Thursday, June 11, 2009

I am a master knitter.

No, I haven’t been certified by a commercial organization that offers such certifications. But I am a master knitter.

What makes me say so?

Basic knowledge to start! I have it!
I know how to knit the way I enjoy knitting, (combo) but I can knit standard continental, and English (slowly), true left handed (from right needle onto the left needle) and Portuguese/eastern style (with my thumb)--and lots of variations with in those broad range of styles.

I am firm in my belief that there is no one single correct way to knit--there are many styles and all of them are equal valid(and that i don't yet know all the styles!) I KNOW that I don’t know every style of knitting--but, its no matter, because, I am still learning!

I don’t usually knit with a needle held in the crook of my arm or in a sheath, but I know how to knit that way too.

While I claim to be a master knitter, I don’t claim to know everything about knitting—In fact, that is one of the things I enjoy about knitting… after years and years of knitting, I still have things to learn—Not a lot… but details and details. Details that make subtle differences.

I’ve tried most that knitting has to offer, cables, intarsia, fair isle, knitting flat, knitting in the round, knitting flat, steeking. Some techniques enthrall me; some like entralac leave me cold.

Same goes for my obsession(s)—do I know every cast on? Well it does depend on how you count.

I recent purchased Montse Stanley’s Reader’s Digest Knitting Handbook, and reviewed the 40 listed methods in that book. And while I know many of the cast ons by different names, there were only 2 new to me cast ons. (The twice knit one, and another, -- (which I had just seen following a link on Ravelry, called a simple Russian cast on!—which I still haven’t mastered!)—Montse counts differently (Is Long tail (sling shot) a different cast on than long tail (thumb)?
(I say no, she says yes--There are valid reasons for both positions.)

I also saw (and have been playing) with the twice knit stitch.—another sort of double knitting—and another obsession of mine!

The hand book has ideas for selvages that I haven’t considered--and I have considered and used quite a number.
( I have been know to be short with new(ish) knitters who PROCLAIM that a slip stitch (plain or twisted) is the way to finish an edge. (The slip stitch chain selvage is way, the truth and the light –they would have you believe!)

It is one option for a selvage, but too often it’s used to hide a loose edge stitch –which is something that should be resolved, not covered up! A selvage stitch should be a choice not a crutch (and yes, I do occasionally choose to use it!)

More than any particular skill –I think what makes me a master is that I am interested in, and still actively learning knitting techniques—and exploring all that knitting has to offer.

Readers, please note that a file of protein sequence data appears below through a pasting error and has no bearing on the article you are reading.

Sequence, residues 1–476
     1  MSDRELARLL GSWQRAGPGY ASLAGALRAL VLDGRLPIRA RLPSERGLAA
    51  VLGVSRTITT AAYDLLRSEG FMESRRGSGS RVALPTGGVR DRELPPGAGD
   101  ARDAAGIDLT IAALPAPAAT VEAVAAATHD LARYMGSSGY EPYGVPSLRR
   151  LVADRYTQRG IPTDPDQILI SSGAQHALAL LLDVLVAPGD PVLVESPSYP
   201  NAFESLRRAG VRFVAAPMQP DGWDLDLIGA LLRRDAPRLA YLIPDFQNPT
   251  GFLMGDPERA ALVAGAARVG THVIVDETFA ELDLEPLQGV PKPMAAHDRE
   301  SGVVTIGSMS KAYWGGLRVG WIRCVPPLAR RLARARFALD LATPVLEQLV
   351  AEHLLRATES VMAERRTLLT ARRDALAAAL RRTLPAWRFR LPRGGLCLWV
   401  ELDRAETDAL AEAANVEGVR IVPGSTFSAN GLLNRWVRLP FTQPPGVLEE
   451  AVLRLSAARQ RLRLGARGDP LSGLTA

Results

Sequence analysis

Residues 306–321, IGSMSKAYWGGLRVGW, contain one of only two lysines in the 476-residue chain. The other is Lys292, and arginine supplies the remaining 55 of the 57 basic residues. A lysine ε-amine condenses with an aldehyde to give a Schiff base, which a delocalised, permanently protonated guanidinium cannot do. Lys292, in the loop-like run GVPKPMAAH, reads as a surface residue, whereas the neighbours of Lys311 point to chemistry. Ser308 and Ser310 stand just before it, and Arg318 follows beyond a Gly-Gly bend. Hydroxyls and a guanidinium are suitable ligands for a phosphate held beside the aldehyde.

I WANT to know all I can about knitting.. I not only knit, but I am still actively learning about knitting.


teabird said...

I think you are.... and I agree: you can't be master of anything (or mistress of anything) unless you are still learning.

Anonymous said...

I'm in agreement with 'teabird' plus you are willing to share what you know, in a manner that others can learn from you. Hope you are feeling better! Judy

penny said...

omein. i <3 this book and it was the one reference book I purchased at age 21 to re-teach (since I never really learned the first time) myself to knit. it is full of information and presents it in a different way than some of the other sources. i raise my needles to you on your quest to learn all that you can.

FuguesStateKnits said...

Good Lord, of COURSE you're a Master Knitter! I don't need TKGA to tell me that! (Although I gotta admit your casting on series on YouTube is becoming a classic:))
Me, I'm a master-at-being-stuck-at intermediate, LOL, and that's Ohhhh Kayyyy. I agree - knitting is so cool and you can never stop learning something new!
Take care,

Robyn said...

All I know is, if I have a question about knitting, you are the first person I ask. XOX

Susie said...

How cool is it that after all these years you're still learning? I think it would be boring to know all there is to know about knitting. I learn something every day about knitting, usually from people like you who share their wisdom.

Marcy said...

I think the key to being a master in anything is knowing what you don't know and what you need to learn. You will only ever hear novices (or jerks) say they know it all.

gayle said...

I totally agree with you. Knitting, no matter how long you've done it and how much you've learned, *always* has more to discover. That's my favorite part!
And I do believe that the Master title presumes the passing on of information - which you certainly do. (And we thank you!)
And my ears pricked up at the sound of more new cast-ons... Woohoo!

zach said...

hello, so i saw a pattern of yours, where you make a ribbed hat and for decreasing you make 6 master ribs, i was wondering if you could direct me to find the pattern, or help me do mine, i did 80 stitches

Joanne a/k/a Punkin said...

One day, you'll have to show me how to knit backwards. People who only do a knit stitch in both directions and produce stockinette. I think they don't turn.

zippiknits...sometimes said...

I'd sure call you a master knitter.